Journal of Mammalian Evolution

, Volume 23, Issue 3, pp 237–249 | Cite as

In the Pursuit of the Predatory Behavior of Borophagines (Mammalia, Carnivora, Canidae): Inferences from Forelimb Morphology

  • Alberto Martín-Serra
  • Borja Figueirido
  • Paul Palmqvist
Original Paper


Here, we perform an ecomorphological study on the major bones (humerus, radius, and ulna) of the carnivoran forelimb using three-dimensional geometric morphometrics. More specifically, we test the association between forelimb morphology and predatory behavior. Our results suggest that the main morphological adaptions of carnivorans to different predatory behaviors relate to: (i) the capacity to perform long and efficient runs as in pounce/pursuit and pursuit predators; (ii) the ability to maneuver as in occasional predators; and (iii) the capacity to exert and resist large loads as in ambushing predators. We used borophagine canids as a case study, given the controversy on the predatory behavior of this extinct subfamily. Our results indicate that borophagines displayed a limited set of adaptions towards efficient running, including reduced joint mobility in both the elbow and the wrist, aspects in which they resemble the living canids. Furthermore, they had forelimbs as powerful as those of the extant ambushing carnivorans (i.e., most felids). This combination of traits suggests that the predatory behavior of borophagines was unique among carnivorans, as it was not fully equivalent to any of the living species.


Ecomorphology Forelimb Predatory behavior Carnivora Borophaginae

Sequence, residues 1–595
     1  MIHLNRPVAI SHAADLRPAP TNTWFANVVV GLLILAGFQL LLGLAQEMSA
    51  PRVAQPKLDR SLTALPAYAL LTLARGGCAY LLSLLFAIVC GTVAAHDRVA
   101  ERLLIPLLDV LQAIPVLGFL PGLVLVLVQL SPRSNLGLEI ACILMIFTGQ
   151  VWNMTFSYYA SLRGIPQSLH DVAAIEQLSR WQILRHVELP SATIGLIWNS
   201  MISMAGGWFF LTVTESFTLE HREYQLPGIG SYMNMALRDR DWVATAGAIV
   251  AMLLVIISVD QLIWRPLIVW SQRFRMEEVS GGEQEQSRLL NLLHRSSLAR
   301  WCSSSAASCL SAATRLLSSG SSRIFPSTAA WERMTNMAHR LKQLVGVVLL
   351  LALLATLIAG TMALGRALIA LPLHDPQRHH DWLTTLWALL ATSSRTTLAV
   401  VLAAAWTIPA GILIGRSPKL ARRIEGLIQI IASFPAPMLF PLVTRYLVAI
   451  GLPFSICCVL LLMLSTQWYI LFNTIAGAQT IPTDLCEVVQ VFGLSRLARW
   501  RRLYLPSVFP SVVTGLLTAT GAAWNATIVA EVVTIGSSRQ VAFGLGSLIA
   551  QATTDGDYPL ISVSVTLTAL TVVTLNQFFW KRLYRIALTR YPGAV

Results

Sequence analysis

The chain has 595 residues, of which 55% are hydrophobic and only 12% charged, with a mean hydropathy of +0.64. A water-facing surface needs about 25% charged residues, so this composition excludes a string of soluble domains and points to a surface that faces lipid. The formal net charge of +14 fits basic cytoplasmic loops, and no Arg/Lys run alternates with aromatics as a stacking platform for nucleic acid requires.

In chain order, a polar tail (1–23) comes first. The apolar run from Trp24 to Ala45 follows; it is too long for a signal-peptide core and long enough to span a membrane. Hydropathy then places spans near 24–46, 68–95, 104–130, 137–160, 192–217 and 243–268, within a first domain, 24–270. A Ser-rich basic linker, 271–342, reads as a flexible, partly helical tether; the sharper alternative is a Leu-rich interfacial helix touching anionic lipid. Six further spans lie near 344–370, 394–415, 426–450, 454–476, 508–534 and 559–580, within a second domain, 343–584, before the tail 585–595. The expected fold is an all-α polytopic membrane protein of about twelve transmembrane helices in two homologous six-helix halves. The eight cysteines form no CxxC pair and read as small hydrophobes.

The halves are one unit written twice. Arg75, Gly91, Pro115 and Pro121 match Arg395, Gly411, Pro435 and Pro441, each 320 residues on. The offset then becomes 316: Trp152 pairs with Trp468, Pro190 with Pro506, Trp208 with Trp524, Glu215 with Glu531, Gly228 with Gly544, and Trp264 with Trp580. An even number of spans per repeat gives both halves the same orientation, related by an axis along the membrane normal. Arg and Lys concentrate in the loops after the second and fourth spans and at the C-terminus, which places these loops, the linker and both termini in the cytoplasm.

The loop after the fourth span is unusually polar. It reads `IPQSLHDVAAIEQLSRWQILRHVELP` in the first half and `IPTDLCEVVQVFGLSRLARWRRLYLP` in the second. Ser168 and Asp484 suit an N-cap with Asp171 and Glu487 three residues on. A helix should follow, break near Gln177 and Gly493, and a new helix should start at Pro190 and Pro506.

We are grateful to F. J. Serrano, J. A. Pérez Claros, and C. M. Janis and two anonymous reviewers for their helpful suggestions during the elaboration of the paper. We thank also S. Almécija for providing us the bone scanning surfaces and R. Portela (NHM, London), E. Westwig and Judith Galkin (AMNH, New York) for kindly providing us access to the specimens under their care. This study was supported by a PhD Research Fellowship (FPU) to AM-S from the “Ministerio de Educación y Ciencia” and CGL2012-37866 grant to BF from the “Ministerio de Economía y Competitividad”. The authors declare that there are not conflicts of interests.

Supplementary material

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Copyright information

© Springer Science+Business Media New York 2016

Authors and Affiliations

  1. 1.Departamento de Ecología y Geología, Facultad de CienciasUniversidad de MálagaMálagaSpain

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